Different types of savings accounts: Which is best for me?

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In a Nutshell

If you want to open a savings account, you have different types to choose from. What makes sense for you depends on your needs and money goals. For example, you’ll want to consider how much access to your money you might need, and how quickly you want your savings to grow. And remember: You’re not limited to just one type of savings account — you can open a number of them to maximize the benefits.

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Deciding which type of savings account to open might seem overwhelming. But it doesn’t have to be — if you learn a few things upfront.

Three of the most common types of savings accounts you can use to store and grow your money are …

  • Deposit savings accounts
  • Money market accounts
  • Certificates of deposit, or CDs

In this article, we’ll explain these three types of savings accounts. And we’ll explain why it matters where you choose to open your account. Here’s what you need to know.


Types of savings accounts

A savings account is designed to earn you some interest with little or no risk. It’s a lot different from a checking account, which typically offers no interest but gives you easy access to your cash — or an investment account, which has more interest-earning potential but involves more risk.

Checking vs. savings accounts

3 main types of savings accounts

1. A deposit savings account is what most people think of when they think about opening a savings account. You can easily open one of these accounts with a small deposit at a bank, credit union or online alternative. While these types of accounts almost always pay you some interest, the interest rate can vary from one institution to the next. You’ll also want to pay attention to whether this account type has fees. Depending on the requirements to open your account, you may be charged transaction fees or minimum deposit fees among others — you’ll want to scope out an account with as few fees as possible.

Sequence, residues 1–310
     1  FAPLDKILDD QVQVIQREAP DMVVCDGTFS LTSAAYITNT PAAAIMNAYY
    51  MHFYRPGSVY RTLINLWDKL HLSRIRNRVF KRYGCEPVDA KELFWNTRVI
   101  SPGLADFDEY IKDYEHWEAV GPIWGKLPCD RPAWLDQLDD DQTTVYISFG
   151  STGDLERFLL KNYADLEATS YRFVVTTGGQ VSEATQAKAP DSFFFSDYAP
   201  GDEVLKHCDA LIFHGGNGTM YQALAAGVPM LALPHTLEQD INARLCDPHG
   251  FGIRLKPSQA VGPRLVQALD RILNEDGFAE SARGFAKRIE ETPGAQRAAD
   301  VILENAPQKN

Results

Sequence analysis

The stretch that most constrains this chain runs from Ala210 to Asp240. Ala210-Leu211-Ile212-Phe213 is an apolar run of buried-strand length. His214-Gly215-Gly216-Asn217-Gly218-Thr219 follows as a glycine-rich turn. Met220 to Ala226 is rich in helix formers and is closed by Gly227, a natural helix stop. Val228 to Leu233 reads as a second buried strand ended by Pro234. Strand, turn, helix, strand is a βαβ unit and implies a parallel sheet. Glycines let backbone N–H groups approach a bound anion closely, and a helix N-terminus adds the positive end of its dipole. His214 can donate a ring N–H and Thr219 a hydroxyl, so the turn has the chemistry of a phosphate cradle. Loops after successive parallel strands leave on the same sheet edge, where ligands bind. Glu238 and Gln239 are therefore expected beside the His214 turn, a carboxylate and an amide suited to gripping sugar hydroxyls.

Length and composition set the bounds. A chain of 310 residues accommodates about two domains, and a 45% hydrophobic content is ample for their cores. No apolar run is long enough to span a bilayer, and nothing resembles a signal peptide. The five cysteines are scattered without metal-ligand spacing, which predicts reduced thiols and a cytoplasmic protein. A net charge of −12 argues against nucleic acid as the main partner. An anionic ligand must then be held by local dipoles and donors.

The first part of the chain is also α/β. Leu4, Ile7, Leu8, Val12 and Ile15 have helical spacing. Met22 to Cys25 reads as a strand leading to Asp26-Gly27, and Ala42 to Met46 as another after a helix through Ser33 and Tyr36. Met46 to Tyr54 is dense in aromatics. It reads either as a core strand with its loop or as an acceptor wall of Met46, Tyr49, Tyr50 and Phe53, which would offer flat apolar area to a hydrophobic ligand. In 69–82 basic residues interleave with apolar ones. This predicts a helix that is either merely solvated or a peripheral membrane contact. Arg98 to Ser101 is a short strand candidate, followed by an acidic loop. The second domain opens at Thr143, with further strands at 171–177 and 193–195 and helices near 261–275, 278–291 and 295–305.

2. A money market account is a savings account option that may pay a higher interest rate than a deposit account, depending on where you have the account. The catch is that these accounts generally require you to maintain a higher balance. There are other benefits with this type of account, though: You can write checks against your balance (which you can’t do with a deposit savings account) — though not as freely as with a checking account. Certain transactions including check-writing are limited to six per month. (Note that a money market account is different from a money market fund, which is a type of investment account.)

3. Certificates of deposit, often called CDs, require you to effectively lock your savings away for a set time. During that time, you can’t get the money out without paying a penalty in most cases. And when that time period ends, also known as the “maturation of your term,” your financial institution will typically reinvest your funds in a new CD for the same term unless you withdraw your money. Why consider tying up your money like that? Traditionally, CDs have offered the highest interest rates of any savings account type. Typically, the longer the CD term, the higher your interest rate.

You may also consider opening a high-yield savings account. This type of account may be available through your bank or credit union, or with an online provider. With high-yield savings accounts, you may have to pay monthly maintenance fees or maintain a minimum balance. But if you’re looking to earn the most interest on your savings, you’ll want to check out this account type.

Where you open your savings account matters, too

Where you save might be just as important as how you save.

Bank savings accounts

Traditional brick-and-mortar banks are one option.